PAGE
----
Rotoboost, a Nordic hydrogen producer, has received Approval in Principle (AiP) from Lloyd’s Register (LR) for their Rotobox pre-combustion Carbon Capture System (CCS).
Onboard marine boats, Rotobox employs the thermocatalytic decomposition process (TCD), in which a portion of the natural gas fuel supply is transformed into hydrogen and graphite with the help of a liquid catalyst.
The TCD process generates hydrogen while collecting carbon in its solid state, hence dramatically reducing CO2 emissions, particulate matter, and methane slip. Depending on the chosen heating method, Rotobox can reduce overall carbon emissions by up to 100%. Fuel cells, combustion engines, or gas-fired boilers can all use the converted hydrogen from the CCS.
With less electrical power consumption than conventional carbon capture systems and less space needed for solid carbon storage, Rotoboost’s technology is easily scaleable to meet future emission restrictions. This enables the system and related storage to stay compact even during lengthy trips. The technology provides shipowners with another decarbonization alternative and is ideally suited to LNG carriers and other LNG-fueled vessels.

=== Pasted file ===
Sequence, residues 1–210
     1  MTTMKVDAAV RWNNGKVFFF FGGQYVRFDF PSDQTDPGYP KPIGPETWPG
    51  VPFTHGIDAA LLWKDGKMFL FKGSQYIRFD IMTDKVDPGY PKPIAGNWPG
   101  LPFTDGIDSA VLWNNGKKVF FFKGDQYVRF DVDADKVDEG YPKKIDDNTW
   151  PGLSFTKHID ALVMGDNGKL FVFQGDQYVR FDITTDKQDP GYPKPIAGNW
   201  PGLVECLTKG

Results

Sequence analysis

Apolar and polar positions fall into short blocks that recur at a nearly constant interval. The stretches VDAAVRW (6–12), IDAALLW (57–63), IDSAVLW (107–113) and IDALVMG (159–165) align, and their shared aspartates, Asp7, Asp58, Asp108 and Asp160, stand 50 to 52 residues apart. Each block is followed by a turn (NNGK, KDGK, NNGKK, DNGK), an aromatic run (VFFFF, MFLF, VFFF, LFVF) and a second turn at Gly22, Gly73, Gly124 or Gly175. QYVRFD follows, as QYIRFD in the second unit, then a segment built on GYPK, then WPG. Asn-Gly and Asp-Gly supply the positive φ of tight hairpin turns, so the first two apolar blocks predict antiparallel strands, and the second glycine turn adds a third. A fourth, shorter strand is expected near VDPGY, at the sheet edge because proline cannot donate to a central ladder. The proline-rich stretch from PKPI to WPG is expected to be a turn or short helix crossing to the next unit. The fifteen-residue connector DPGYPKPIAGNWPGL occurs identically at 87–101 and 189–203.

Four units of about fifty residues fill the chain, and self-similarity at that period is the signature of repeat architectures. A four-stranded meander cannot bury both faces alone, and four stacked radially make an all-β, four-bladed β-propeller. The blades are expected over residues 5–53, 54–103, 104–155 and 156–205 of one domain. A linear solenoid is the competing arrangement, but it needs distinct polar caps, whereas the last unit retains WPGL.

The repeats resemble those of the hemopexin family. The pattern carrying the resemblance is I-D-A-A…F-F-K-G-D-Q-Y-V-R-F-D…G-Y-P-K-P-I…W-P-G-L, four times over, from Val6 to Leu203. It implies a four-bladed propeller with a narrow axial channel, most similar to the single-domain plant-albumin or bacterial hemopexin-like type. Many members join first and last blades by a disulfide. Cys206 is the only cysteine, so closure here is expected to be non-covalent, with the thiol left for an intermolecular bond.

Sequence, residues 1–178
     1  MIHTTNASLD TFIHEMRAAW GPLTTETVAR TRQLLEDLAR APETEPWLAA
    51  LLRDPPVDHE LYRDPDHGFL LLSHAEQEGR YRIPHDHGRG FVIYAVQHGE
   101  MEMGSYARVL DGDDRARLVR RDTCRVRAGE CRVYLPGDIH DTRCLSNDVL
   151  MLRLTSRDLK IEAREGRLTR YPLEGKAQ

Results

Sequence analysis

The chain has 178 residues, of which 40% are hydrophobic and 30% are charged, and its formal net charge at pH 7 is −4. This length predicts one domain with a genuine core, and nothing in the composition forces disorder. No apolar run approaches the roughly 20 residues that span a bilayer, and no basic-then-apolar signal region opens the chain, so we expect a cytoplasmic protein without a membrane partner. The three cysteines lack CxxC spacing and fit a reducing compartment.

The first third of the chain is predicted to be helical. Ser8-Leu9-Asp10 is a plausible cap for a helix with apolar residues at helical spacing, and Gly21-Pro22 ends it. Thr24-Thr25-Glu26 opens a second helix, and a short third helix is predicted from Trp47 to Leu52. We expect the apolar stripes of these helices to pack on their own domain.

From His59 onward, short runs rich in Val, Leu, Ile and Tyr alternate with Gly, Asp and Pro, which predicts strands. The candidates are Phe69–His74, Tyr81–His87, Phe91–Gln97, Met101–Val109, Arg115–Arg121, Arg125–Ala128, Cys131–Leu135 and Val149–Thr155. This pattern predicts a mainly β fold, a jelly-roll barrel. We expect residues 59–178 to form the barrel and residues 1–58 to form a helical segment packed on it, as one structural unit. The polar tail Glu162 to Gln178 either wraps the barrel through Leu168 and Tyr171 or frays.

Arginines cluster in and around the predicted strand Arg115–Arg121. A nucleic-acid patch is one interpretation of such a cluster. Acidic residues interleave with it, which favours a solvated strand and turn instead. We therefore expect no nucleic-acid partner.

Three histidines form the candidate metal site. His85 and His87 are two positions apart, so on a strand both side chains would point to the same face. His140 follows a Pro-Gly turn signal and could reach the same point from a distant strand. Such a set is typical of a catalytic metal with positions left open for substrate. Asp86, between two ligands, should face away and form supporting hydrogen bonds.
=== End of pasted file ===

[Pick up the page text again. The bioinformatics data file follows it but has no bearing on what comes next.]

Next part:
By validating Rotoboost’s CCS system as meeting LR’s goal-based and thorough prescriptive requirements, the AiP adds another significant development to the field of carbon capture technology.